Myanmar's opening up gives Thailand opportunities but challenges also lie ahead in terms of investments to improve infrastructure and skilled labour supply, say European executives.
Better links will affirm Thailand’s role as Asean hub, says Ms Yingluck.
Rolf Schulze, Germany's ambassador to Thailand, said Myanmar's emergence poses both positives and challenges for Thailand, so the country should enhance its competitiveness by increasing connectivity with neighbouring countries.
"Given the ongoing political stability, trust is here in Thailand as the important ingredient for foreign direct investment," he told the Bangkok Post.
"With the clear message from the government about [2 trillion baht in] infrastructure investment over the next seven years, Thailand is on the right track to enhance the country's competitiveness."
German investors, like those from other countries, are keen to build their presence in Myanmar, while Thailand is a potential base to tap into a market of 601 million people in neighbouring countries, said Mr Schulze.
Thailand is Asean's second-largest trading partner with Germany after Indonesia, with bilateral trade approaching US$10 billion last year.
Germany, meanwhile, is by far Thailand's biggest trading partner in the EU.
About 600 German companies are doing business with and in Thailand, with investment here totalling 6 billion baht last year.
"German companies are once again looking into the possibility of realising major direct investment in Thailand in the coming years," Mr Schulze said.
Addressing a lunch of foreign chambers hosted by the German-Thai Chamber of Commerce (GTCC), Prime Minister Yingluck Shinawatra admitted deficiencies in infrastructure and logistics in recent years have reduced Thailand's competitiveness with neighbouring countries due to a heavy reliance on road transport.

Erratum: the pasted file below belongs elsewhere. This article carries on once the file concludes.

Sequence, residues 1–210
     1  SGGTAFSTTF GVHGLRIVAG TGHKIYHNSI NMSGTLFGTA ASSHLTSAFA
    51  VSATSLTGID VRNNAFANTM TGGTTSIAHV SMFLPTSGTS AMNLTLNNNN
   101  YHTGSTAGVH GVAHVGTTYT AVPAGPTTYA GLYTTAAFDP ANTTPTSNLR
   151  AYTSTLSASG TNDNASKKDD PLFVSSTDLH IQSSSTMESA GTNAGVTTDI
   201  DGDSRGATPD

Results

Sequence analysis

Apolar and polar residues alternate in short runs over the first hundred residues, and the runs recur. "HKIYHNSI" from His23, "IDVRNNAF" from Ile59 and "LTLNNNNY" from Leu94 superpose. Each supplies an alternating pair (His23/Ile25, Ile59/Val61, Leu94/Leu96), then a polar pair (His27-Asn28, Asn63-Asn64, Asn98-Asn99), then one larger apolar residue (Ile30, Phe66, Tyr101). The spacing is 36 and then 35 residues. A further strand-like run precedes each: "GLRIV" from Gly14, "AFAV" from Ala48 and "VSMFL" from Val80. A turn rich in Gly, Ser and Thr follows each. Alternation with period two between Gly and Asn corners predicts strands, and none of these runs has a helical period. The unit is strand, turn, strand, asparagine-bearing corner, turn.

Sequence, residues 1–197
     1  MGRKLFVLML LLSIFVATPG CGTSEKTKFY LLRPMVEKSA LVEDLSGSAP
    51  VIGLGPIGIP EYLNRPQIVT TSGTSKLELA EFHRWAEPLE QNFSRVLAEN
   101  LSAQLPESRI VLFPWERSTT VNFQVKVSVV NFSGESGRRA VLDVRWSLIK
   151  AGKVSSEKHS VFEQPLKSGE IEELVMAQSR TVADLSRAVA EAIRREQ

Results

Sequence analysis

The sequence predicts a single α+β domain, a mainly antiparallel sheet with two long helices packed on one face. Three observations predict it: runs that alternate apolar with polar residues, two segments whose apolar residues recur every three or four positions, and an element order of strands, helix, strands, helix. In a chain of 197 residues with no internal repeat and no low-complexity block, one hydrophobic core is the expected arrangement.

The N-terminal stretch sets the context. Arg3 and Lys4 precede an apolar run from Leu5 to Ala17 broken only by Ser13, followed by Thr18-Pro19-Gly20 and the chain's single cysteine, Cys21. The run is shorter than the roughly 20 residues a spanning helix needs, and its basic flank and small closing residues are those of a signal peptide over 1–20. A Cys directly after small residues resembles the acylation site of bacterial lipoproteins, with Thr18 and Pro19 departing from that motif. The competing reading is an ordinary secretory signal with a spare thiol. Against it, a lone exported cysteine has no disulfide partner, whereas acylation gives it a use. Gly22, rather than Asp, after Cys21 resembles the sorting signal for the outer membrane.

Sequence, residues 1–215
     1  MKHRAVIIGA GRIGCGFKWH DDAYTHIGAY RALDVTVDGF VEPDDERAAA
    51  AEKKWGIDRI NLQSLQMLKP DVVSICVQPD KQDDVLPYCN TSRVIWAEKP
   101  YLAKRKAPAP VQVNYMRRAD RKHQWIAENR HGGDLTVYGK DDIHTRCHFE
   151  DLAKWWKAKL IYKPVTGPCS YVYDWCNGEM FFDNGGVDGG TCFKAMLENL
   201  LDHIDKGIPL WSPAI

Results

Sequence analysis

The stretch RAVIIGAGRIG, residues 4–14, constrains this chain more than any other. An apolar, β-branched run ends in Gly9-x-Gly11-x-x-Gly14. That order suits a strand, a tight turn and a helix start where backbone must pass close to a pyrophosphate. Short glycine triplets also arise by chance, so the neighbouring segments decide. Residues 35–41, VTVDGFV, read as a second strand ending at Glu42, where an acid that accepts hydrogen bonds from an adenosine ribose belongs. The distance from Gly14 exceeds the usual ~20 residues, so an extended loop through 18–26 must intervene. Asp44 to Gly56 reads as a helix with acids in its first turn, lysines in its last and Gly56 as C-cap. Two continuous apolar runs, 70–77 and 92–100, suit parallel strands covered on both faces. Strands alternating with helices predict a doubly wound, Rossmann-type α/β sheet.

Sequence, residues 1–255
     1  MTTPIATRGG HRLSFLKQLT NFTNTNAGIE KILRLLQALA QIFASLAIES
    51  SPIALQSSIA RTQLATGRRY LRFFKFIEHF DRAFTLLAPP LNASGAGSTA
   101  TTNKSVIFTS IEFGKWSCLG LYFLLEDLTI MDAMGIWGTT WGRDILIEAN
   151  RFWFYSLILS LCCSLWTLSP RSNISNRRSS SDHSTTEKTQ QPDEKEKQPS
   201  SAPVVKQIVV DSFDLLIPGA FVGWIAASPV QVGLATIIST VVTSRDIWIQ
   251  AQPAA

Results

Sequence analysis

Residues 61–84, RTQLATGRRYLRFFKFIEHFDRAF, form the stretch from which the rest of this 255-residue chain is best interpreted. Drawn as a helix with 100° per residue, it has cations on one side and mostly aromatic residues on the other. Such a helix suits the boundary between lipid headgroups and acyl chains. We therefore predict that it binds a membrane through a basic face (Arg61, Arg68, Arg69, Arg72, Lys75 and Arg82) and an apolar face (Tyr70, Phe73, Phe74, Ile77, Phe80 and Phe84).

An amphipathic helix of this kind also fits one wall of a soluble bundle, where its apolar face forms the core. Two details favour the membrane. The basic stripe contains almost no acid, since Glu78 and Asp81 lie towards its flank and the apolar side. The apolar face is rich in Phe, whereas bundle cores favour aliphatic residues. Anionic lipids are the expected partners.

With the planned huge investment in infrastructure including high-speed trains and mass transit rail lines, Thailand will have better links with other countries in the region and increasing cross-boarder trade.
"These will affirm our position as a logistics and manufacturing hub of Asean," said Ms Yingluck.
The government is also reviewing investment proposals for the $9-billion water management regime, with implementation of projects expected by year-end, the prime minister said.
GTCC president Karl-Heinz Heckhausen said Thailand has the best advantages to capitalise on Myanmar's opening up and to be the Asean hub of German companies given the country's industrial competitiveness.
"For German companies, Thailand's competitiveness is No.1 in Asean, especially in the automotive industry," said Mr Heckhausen.
However, he noted that supplies of skilled labour, especially engineers, and education should be improved to serve increasing investments in the country.
Thomas Chambers, managing director of the auto parts maker Continental Automotive (Thailand), agreed that a good supply of labour as well as rail and airport expansion are vital for Thailand's future.
Continental Automotive aims to expand its factory in Thailand, possibly in the next three years, to serve its market penetration in Myanmar and the establishment of the Asean Economic Community in 2016, he said.
Transparency and clear tender regulations are expected by foreign investors from now on for the massive planned infrastructure investment, said Mr Chambers.
About the author
- Writer: Nareerat Wiriyapong
Position: Business Reporter